Sandra Scott Travels: Exploring The Wonders Of China

The Great Wall of China

The Great Wall of China

Last week I asked: What is the world’s largest manmade object?

The Great Wall of China.

The Great Wall of China is not a continuous wall, but a number of sections built over a long period of time.

If all the sections are included in the length it would span about 13,600 miles.

The Great Wall of China
The Great Wall of China

There are conflicting reports on whether or not the wall was seen from the Moon with most people saying it was not.

I would be inclined to agree.

The wall, while massive, is a long thin line.

We visited the Great Wall on our first trip in the 1990s.

On our recent visit to Beijing John and I decided to visit a different section of the wall.

The Mutianyu section is touted as less visited than the Badaling section.

The Mutianyu section had a cable car which I thought would eliminate a lot of climbing.

We booked an English-speaking day tour with Gray Line.

It was a drizzly day with low clouds, so when we got to the first stop which was the Olympic Village the views of the Bird’s Nest and Water Cube, the iconic buildings used during the Olympics, were underwhelming.

The view from a cable car
The view from a cable car

I thought the experience at the wall was going to be a big disappointment because of the weather but when we arrived at Mutianyu the skies had cleared and the weather was beautiful.

I thought the presence of a cable car meant no walking and no stairs.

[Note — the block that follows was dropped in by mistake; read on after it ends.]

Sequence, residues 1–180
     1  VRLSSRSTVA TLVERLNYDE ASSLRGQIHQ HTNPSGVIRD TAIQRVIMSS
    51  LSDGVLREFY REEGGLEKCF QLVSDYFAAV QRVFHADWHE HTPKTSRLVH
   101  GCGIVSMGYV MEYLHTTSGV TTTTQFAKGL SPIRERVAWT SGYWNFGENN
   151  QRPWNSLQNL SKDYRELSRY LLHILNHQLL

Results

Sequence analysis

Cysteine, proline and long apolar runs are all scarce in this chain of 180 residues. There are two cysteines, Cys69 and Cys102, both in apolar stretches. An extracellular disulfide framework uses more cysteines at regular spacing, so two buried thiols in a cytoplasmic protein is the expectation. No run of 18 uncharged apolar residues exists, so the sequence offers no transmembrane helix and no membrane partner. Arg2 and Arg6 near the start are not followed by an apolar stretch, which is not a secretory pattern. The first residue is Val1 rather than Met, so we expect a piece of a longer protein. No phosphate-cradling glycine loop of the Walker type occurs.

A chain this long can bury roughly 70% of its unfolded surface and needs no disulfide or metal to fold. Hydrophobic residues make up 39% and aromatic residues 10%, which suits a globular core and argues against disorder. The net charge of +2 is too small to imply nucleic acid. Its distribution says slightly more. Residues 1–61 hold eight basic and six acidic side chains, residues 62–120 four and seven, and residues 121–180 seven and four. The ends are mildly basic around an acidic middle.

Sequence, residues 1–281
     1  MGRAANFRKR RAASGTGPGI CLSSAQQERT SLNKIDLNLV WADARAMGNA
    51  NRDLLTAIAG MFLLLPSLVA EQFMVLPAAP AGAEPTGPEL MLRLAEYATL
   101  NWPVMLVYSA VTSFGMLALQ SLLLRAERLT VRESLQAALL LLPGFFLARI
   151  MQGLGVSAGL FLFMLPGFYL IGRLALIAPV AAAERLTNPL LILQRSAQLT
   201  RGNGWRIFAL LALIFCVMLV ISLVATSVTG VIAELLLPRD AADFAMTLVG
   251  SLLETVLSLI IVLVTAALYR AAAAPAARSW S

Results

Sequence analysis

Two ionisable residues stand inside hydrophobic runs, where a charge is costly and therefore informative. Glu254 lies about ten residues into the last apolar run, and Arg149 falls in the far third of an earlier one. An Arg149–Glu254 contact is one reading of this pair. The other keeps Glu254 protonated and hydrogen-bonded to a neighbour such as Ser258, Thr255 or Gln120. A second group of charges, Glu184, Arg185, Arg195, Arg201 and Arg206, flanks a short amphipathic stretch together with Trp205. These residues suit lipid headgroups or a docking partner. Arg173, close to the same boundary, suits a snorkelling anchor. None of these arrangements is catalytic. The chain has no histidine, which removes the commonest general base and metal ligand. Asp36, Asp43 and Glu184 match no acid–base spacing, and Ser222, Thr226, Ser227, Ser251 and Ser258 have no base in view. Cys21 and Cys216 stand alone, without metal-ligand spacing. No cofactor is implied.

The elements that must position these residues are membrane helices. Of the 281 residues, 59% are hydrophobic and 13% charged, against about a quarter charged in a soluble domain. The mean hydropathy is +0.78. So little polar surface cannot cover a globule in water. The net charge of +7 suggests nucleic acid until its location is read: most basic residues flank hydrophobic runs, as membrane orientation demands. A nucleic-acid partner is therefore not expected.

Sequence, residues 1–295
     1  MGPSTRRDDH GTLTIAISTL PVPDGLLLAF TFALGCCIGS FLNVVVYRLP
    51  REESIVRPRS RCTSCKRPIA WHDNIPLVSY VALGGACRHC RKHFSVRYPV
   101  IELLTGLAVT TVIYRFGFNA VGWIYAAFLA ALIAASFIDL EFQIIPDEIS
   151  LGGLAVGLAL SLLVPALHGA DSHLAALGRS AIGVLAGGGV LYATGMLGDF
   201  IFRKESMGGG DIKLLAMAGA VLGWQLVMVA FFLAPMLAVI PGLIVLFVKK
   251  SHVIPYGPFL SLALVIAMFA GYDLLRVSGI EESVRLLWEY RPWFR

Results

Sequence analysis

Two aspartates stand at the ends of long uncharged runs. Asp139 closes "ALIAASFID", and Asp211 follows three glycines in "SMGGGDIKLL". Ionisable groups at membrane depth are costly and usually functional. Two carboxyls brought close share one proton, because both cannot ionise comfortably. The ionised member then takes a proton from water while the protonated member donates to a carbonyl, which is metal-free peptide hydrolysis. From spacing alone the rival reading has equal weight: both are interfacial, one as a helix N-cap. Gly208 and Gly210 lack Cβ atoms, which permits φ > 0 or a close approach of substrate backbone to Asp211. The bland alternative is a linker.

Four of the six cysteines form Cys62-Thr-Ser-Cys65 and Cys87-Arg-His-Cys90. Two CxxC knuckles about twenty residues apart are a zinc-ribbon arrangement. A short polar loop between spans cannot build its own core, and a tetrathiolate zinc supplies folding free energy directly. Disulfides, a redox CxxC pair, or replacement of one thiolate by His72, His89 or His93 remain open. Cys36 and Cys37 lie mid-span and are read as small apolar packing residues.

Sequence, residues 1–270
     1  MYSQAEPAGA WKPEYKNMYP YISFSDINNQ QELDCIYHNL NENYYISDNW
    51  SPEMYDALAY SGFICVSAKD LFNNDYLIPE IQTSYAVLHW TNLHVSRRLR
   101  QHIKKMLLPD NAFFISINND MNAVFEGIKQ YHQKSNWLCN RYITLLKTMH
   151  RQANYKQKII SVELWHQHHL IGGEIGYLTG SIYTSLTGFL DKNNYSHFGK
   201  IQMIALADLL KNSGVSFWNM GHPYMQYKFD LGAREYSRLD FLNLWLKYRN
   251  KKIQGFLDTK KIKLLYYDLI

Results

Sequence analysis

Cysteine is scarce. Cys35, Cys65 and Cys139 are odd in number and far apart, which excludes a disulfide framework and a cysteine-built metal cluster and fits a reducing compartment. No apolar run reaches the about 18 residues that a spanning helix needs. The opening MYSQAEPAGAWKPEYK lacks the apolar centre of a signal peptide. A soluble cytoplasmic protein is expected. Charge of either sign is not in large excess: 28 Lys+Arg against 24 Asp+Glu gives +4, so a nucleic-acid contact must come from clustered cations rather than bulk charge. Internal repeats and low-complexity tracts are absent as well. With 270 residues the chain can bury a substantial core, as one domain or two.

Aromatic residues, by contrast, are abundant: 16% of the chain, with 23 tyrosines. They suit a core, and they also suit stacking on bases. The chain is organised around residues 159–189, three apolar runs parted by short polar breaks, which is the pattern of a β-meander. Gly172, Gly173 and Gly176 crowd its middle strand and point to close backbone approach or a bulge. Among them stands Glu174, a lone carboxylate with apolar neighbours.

I was wrong.

From the parking lot it was an uphill climb past vendors and then some stairs to the cable car.

The ride up to the wall on the cable car afforded a view of the wall and treed countryside.

There were some more steps but the views and the wall were impressive.

Some people walked to the other watchtowers.

Some of the able-bodied adventurous people climbed up and then whizzed down on a toboggan.

There is also a camel ride available.

Interestingly, the wall was built to stop invading armies but it never did.

Is there a lesson to be learned from this?

On the way back we stopped for a Chinese-style lunch in a very nice alfresco restaurant.

Chinese meals are served family-style on a Lazy Susan and everyone helps themselves.

The meal was excellent.

The last stop was at a tea shop, and, yup, we could have bought all sorts of tea.

Many people did but we did not.

The other must-do in Beijing is visiting the Forbidden City.

We visited the last time but it is always impressive.

A visit to the Forbidden City.
A visit to the Forbidden City.

For about 500 years, the Forbidden City was the home of the emperors and closed to the public.

Today it is home to the Palace Museum and listed by UNESCO as the largest collection of preserved wooden structures in the world.

There are tours, but we just walked from the main entrance through the entire length to the tranquil gardens.

The buildings are beautiful.

Every day there are a lot of visitors.

There are guides and audio guides but we just walked slowly and read the signs.

A good movie for people planning to visit Beijing is the “The Last Emperor” about Puyi, the last emperor of China.

He became emperor when he was two.

When the People’s Republic of China was established in 1949, Puyi was imprisoned as a war criminal.

When he was finally released, he worked as a gardener and lived as a private citizen.

Life has some interesting turns.

I never thought I’d visit Beijing – twice.

Trivia Tease™: Where in NY is Dreams Park? Look for the answer next week.

Sandra and her husband, John, have been exploring the world for decades, always on the lookout for something new and unique to experience. We have sailed down the Nile for a week on a felucca, stayed with the Pesch Indians in La Mosquitia, visited schools in a variety of countries, and — to add balance to our life — stayed at some of the most luxurious hotels in the world. Let the fun continue!